Two different camps for a schedule of 6 days were organized from 15th  to 29th April. The topics such as CRCs and it role, the JJ Act, and child help line were dealt by Mr.Manjappa, Mr.Rama Naik and Mr.Kotresh respectively. Apart from these information sessions, a great deal of group activities, soft skill sessions and games were organized by Fr.Rubin and a couple of peer educators of our institute. Mr.Richard added colour and vigour with his action songs, dance classes and cultural activities. About 100 representatives from about 15 clubs of the various CRC formed under the banner of CREAM attended the camp.


      The active and enthusiastic response on the part of children, especially while participating in group activities, discussions and games proved very conducive.


        The children, during evaluation and the concluding ceremony of the camp were very much happy about what they learned. They told us that they learnt a lot about working in groups sharing ideas, the qualities of being a good leader and above all striving to live by their rights and enabling their friends for the same. All the members assured that they would do their best to ensure that child rights are protected. It was nice to see them taking initiatives to make sure none of their companions drop out halfway.


16 children rescued from city eateries

Friday, May 3, 2013, 13:01 IST | Place: Ahmedabad | Agency: DNA

DNA Correspondent  

The child labourers were 14-17 years old and were allegedly made to work for 12 to 15 hours a day.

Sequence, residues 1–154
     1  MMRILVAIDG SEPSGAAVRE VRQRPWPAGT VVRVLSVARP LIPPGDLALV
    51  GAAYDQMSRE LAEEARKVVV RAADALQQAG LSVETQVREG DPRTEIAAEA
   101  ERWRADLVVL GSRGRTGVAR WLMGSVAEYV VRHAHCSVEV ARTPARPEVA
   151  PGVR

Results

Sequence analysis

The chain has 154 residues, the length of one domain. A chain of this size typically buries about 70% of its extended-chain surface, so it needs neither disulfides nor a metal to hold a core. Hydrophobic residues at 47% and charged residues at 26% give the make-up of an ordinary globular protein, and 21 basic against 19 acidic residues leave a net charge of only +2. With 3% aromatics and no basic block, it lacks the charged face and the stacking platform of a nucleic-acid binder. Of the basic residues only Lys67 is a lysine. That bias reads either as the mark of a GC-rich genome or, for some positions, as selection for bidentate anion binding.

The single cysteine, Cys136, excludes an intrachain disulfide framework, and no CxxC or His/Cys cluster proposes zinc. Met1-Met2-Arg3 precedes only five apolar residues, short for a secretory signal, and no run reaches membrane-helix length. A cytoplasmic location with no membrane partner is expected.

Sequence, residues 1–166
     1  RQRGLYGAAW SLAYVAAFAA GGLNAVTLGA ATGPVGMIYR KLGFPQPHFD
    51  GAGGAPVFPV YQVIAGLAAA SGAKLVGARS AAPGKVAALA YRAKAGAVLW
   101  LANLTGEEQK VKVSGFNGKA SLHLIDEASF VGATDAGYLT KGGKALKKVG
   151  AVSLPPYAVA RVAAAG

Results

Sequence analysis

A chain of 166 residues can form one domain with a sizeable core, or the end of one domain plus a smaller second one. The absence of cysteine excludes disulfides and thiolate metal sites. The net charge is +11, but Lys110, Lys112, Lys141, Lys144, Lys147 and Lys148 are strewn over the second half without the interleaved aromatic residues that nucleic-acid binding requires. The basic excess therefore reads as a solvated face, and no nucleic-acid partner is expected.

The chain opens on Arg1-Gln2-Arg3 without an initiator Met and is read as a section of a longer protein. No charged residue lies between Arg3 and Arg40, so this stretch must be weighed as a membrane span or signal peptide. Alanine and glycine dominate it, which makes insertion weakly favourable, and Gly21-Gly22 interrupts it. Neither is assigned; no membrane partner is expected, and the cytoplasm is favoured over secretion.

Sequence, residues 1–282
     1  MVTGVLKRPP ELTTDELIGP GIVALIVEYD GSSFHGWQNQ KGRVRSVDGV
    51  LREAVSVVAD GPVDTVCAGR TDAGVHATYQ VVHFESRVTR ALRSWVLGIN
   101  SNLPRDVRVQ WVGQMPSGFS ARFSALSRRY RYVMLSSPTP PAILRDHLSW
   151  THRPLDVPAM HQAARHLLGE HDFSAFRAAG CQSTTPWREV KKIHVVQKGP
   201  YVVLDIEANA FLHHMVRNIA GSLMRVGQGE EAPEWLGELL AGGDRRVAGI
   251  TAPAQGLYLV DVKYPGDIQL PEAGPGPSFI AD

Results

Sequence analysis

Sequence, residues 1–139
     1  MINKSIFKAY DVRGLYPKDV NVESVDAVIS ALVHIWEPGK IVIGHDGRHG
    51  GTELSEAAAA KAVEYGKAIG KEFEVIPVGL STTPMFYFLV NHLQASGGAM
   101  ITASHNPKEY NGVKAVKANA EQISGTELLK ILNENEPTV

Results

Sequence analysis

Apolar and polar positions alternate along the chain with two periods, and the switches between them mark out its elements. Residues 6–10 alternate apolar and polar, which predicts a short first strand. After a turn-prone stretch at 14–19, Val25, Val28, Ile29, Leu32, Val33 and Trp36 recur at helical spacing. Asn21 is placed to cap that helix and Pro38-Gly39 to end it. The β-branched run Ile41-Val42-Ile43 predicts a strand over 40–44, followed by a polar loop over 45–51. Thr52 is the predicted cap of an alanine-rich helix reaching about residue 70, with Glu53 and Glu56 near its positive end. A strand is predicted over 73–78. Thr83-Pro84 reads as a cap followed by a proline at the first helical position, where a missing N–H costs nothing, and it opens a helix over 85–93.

Sixteen children working in various eateries in Ellisbridge area, as well as two from Kalupur railway station, were rescued by Childline on Thursday. The children aged between 14 and 17 years were allegedly made to work for 12 to 15 hours a day. “We had a tip-off about three children working at a kitli in Ellisbridge. When we went to rescue them, we found the other children working at the eateries. These included Jalaram Paratha House and Raghvanshi Paratha House,” said Purnima Gupta, assistant director, Childline.

She said that in poor families, many parents willingly send their children for work. “The children hail from Banswada, Dungarpur and Udaipur,” she said. She further said that 55% of the rescued child labourers often end up being sent to work again. 

“A child found from the railway station used to work for a pani-puri vendor who did not pay him. So he ran away and was found roaming at the station by our worker,” she said.  As to why eateries prefer to hire children despite it being against the law, she said it was because children could be paid a pittance or not paid at all. “The children are often made to work for 15 hours with no breaks or holidays,” she said.



150 schools face shutdown as they can’t comply with RTE

By Pandurang Mhaske, Mumbai Mirror | May 7, 2013, 02.24 AM IST



According to data available with the education department, 76 schools in the western suburbs, 64 in eastern suburbs and 12 in South Mumbai await BMC approval